How to organize and revisit your ‘leftover’ music projects

Illustration: Jocelyn Tsaih

The turkey sandwiches and microwaved stuffing on the Friday after Thanksgiving hit just a little different.

Wouldn’t it be great if producing music were more like eating a hearty amount of food over the course of a few days, rather than a daunting process consisting of always starting from scratch? Thanks to the power of analogy, we can draw some humorous but meaningful comparisons—in this article, let’s explore a few techniques for making the best use of your ‘leftover’ project files.


Just like discussing politics with your extended family at the table, looking through old project files can be a tricky situation. When you’re looking to mine your leftovers for inspiration, nothing kills a creative flow quite like going back through old project files one-by-one from your DAW’s browser. A host of potential pitfalls await: media files may be missing, projects can take forever to load, and plugins may be unavailable.

It’s a lot easier to simply listen to a list of audio files that you’ve bounced. Even if your project is unfinished, unmixed, or not arranged, it doesn’t matter—just export it so that you don’t have to break your flow by opening a new project in your DAW. You can always go back later and make adjustments.


You wouldn’t just throw all the food you didn’t eat at dinner into the refrigerator; it would turn into a disgusting mess. Similarly, if you just bounce all of your files into one random folder, chaos is sure to ensue. Organize your bounced projects into a few Tupperware containers instead of throwing them all into the same Ziploc bag, if you will. When you go back to retrieve a session later, it’ll be a lot more painless if you understand exactly what you have.

If you don’t even know where to start, try naming your bounced projects as descriptively as possible. Maintaining good folder structure is key to sample organization hygiene. For an example, check out the folders in a sample pack:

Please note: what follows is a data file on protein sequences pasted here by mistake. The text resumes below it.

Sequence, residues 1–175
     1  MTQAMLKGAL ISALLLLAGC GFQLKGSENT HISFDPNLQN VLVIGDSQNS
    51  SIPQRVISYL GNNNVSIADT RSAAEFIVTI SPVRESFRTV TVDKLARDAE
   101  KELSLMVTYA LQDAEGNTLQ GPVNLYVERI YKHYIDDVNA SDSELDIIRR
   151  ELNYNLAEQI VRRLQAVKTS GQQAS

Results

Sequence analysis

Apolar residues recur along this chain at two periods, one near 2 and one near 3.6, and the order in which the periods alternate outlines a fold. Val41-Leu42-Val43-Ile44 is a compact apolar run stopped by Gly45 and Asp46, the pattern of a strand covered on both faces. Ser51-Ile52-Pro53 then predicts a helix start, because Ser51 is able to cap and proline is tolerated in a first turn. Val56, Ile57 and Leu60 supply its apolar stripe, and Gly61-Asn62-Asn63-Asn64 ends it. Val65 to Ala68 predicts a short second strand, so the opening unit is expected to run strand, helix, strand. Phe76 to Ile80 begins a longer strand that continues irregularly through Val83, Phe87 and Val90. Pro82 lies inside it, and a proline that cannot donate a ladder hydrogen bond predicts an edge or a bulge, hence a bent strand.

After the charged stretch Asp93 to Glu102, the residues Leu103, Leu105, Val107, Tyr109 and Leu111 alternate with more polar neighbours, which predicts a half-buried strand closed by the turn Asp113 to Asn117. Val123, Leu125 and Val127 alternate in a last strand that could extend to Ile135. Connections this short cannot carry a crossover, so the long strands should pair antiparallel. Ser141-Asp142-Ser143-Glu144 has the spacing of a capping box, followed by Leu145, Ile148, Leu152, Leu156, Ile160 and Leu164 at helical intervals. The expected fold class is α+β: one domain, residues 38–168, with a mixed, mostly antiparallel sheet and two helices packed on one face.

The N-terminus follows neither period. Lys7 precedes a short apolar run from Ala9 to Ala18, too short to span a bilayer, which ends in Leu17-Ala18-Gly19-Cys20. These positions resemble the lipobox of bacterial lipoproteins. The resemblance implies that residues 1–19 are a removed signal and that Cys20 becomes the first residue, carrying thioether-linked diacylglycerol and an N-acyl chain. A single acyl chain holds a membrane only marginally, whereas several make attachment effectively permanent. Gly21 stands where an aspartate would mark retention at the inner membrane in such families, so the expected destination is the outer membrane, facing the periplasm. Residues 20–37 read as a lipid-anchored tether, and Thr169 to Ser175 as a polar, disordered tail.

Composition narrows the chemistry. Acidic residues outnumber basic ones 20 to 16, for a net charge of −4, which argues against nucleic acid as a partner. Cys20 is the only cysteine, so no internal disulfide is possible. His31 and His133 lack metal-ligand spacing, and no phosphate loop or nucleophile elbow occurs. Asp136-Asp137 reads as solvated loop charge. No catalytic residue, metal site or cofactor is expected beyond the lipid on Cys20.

Organizing your bounced samples this way might be tedious, but it’s a great way to make your old projects more recyclable later. Plus, you can put in one earbud and move files around on the couch while half-paying attention to the Cowboys game.


Just as you might let family and friends take some leftover turkey home, send your samples around to other producers you collaborate with. They might have an interesting idea for expanding upon your work, or they might be able to take it in a different direction entirely. And what sounds stale or outdated to you might be a perfect sample for someone else to flip.

Reusing and recycling old ideas might not sound very attractive to a beginning producer; you might have all kinds of ideas all the time, but experience trouble translating them into music. But trust me—once you get to the inevitable point where ideas become more scarce than ability, you’ll thank yourself for establishing organization.

How do you like to maximize your leftover projects? Start a conversation with us and other music creators via the Splice Discord.

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November 24, 2023

Max Rewak Max Rewak is a record producer, audio engineer, and music writer, based in New York and currently working in Sounds content at Splice.